The Central Intelligence Agency recently tapped La’Naia J. Jones, a veteran cybersecurity leader in the U.S. spy community, to be its new chief information officer.
“We are delighted by the appointment of La’Naia J. Jones as the Agency’s new Chief Information Officer and Director of the Information Technology Enterprise within the Directorate of Digital Innovation,” CIA Deputy Press Secretary Luis Rossello said in a statement.
Jones brings a “wealth of experience in information technology and innovation in the national security sphere” to the post, he added. “We look forward to her leadership in leveraging emerging digital technology to advance our mission.”
Jones, who replaced Juliane Gallina and whose appointment was not publicly announced, began work in late February.
She most recently served as the National Security Agency’s deputy CIO — where she oversaw IT investments and acquisition efforts — and as the electronic spy agency’s Information Sharing and Safeguarding Executive. Prior to the NSA, Jones served as acting CIO for the U.S. clandestine community within the Office of the Director of National Intelligence, working with CIOs and other senior leaders across the community’s 18 agencies.
Before that, she was the deputy CIO for the intelligence community. Jones also worked as the chief of Transformation and Transition for a global IT service provider within the Defense Department prior to her selection.
She graduated with a bachelor of science degree in Mathematics and Computer Science from the University of Maryland Eastern Shore and received a master of science degree in Technology Management from the University of Maryland University College.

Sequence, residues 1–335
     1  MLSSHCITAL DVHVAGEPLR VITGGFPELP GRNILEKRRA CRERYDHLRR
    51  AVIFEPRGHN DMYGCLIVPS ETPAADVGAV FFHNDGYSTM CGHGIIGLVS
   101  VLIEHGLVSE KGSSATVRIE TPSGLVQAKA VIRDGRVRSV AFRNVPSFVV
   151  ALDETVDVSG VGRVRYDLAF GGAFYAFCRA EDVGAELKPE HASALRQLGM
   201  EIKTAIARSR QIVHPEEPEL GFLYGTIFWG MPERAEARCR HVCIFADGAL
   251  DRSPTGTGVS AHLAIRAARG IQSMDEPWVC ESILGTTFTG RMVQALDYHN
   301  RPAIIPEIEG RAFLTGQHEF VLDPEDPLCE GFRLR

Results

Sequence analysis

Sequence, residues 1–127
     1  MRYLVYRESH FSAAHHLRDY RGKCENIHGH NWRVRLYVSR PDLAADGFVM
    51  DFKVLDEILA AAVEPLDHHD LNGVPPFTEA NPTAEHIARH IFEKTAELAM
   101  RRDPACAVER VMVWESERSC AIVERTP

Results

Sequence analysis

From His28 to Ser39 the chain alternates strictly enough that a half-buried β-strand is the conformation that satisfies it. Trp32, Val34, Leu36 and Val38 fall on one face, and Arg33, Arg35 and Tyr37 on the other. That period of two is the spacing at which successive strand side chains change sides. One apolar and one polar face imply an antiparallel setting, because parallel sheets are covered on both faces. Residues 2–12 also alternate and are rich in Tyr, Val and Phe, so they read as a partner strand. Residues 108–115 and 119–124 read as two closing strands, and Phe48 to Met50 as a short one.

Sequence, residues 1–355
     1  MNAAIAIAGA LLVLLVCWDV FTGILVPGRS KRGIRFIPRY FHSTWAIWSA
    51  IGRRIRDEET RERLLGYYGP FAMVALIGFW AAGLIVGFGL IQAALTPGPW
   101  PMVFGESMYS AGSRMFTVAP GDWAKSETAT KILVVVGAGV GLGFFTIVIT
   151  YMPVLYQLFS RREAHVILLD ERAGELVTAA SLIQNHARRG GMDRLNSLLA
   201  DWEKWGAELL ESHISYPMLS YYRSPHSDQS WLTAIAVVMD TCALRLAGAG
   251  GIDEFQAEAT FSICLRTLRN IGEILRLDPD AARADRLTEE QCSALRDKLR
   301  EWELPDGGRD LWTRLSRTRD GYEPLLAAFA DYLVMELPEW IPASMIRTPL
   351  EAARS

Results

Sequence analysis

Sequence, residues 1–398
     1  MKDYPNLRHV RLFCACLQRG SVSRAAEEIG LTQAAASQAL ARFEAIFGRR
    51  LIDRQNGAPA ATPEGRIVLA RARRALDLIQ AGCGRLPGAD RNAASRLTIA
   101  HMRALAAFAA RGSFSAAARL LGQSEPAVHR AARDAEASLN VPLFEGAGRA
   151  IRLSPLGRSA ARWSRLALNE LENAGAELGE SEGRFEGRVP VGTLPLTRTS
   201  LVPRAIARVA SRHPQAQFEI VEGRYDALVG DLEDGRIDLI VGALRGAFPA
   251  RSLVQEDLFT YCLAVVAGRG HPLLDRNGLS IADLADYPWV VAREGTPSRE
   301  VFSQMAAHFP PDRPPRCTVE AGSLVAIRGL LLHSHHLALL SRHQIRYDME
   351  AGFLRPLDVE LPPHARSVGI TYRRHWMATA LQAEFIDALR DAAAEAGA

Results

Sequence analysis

Jones joins the CIA at a time when the organization is working to keep pace with technological changes in order to better develop and employ its own espionage capabilities, including detecting cyber threats from adversaries like Russia and China.
During his confirmation hearing last year, now-CIA Director Williams Burns said the SolarWinds breach — which the U.S. has been attributed to the Russian government — should serve as a warning to the federal government and the country’s national security apparatus about such dangers.
“If this is a harsh wakeup call, then I think it’s essential for the CIA to work even harder to develop capabilities to help detect these kinds of attacks when they come from foreign players,” he said.
Burns stressed the importance of technology again last week during the Senate Intelligence Committee’s annual hearing on the greatest threats to U.S. national security.
“Nothing is going to matter more to the future of the CIA and, I think, the U.S. intelligence community more broadly than our ability to compete technologically. It’s the main arena… for competition with China,” he said, noting the CIA last year created a mission center to focus on foreign technological development and another on Beijing and established the agency’s first chief technology officer.
Together, the moves reflect “the enormously high priority that we will continue to attest to that set of issues,” according to Burns.